'It's not enough' Accrington family hub boss says National Insurance cut won't help families in need

A psychotherapist and director of a family hub in Accrington doesn't think the 2p cut to National Insurance contributions will help those families who are most in need.

Jeremy Hunt has cut National Insurance by 2p as he laid out his plans for taxation and spending in the spring Budget.

The move will save the average worker on a £35,000 annual salary around £450 a year. This adds up to £900 a year when combined with the 2p cut to National Insurance announced in the Autumn Statement last year.

Michelle Bromley-Hesketh spoke to ITV Granada ahead of the Budget statement today.

Michelle says she has seen more and more parents and families struggle with the hardship caused by the cost of living crisis and said: "There's an increase in need definitely that we see across everything that we do.

"That's increasing to people who are in work as well as those who are out of work.

"The 2p cut to National Insurance is definitely not enough, it doesn't go far enough. It gives a bit to some but it doesn't give something to everybody.

"It's not going to include those who are most in need. It's only giving a break perhaps to those who aren't struggling as much."

Meanwhile a vape manufacturer in Greater Manchester says the new tax on vapes, announced in today's Budget, will only leave vapers out of pocket, with those who make the devices not really affected.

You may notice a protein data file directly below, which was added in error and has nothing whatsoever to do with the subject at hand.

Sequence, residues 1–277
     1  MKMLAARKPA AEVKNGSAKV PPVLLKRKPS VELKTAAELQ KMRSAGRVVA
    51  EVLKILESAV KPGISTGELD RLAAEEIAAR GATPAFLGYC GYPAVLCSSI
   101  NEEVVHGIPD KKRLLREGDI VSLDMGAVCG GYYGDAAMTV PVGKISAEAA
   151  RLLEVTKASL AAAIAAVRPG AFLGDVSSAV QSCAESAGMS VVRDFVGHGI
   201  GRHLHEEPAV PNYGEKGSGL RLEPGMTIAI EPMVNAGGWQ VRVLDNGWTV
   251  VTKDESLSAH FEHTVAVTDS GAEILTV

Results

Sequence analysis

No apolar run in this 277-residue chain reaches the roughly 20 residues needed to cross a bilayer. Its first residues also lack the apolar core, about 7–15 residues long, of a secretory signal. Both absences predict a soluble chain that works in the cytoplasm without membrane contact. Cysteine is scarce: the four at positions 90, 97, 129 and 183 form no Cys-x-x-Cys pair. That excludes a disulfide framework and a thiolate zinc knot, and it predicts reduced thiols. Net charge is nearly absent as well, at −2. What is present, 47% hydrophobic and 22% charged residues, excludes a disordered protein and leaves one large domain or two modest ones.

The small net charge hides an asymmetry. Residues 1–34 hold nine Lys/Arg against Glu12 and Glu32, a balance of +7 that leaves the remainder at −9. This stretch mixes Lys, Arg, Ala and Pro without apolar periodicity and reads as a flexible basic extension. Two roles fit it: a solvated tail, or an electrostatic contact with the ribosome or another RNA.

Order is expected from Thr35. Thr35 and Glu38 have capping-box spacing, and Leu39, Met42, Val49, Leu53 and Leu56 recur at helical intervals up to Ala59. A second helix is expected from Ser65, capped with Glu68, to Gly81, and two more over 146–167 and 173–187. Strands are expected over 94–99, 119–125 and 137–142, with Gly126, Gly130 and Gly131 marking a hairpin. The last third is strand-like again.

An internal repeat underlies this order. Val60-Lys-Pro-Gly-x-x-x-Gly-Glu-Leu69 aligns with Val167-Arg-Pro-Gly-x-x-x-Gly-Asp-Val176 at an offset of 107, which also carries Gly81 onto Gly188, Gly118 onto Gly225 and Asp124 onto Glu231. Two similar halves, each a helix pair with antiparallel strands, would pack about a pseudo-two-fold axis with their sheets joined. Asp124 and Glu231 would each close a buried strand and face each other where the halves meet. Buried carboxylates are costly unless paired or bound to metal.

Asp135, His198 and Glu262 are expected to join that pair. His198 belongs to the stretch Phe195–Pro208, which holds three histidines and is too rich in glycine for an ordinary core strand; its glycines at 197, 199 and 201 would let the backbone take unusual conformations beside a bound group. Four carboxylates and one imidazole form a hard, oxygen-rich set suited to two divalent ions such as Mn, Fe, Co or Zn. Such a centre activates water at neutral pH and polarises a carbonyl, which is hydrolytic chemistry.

Mike Holliday is the regional lead for 88 Vape in Trafford Park. They make 3,000 vape devices a day.

Mike told ITV News "Of course you want your products to be reasonably priced on the shelf but everybody's going to be taxed the same and so versus our competitors, nothing's really going to change there. It's the consumers who are going to end up footing the bill for it"

Credit: PA Images

The Government is to introduce a new tax on vapes in a bid to discourage non-smokers from taking up the habit.

During his Budget speech, Chancellor Jeremy Hunt told the Commons he was confirming “the introduction of an excise duty on vaping products from October 2026 and publishing a consultation on its design”.

However, he said that, because vapes “play a positive role” in helping smokers quit, there will also be a one-off increase in tobacco duty to ensure vaping remains cheaper than smoking.

Currently, vaping products are subject to VAT at 20% but, unlike tobacco, they are not also subject to excise duty.

The Government has already published its plans to ban disposable vapes and will bring in new powers to restrict vape flavours and packaging.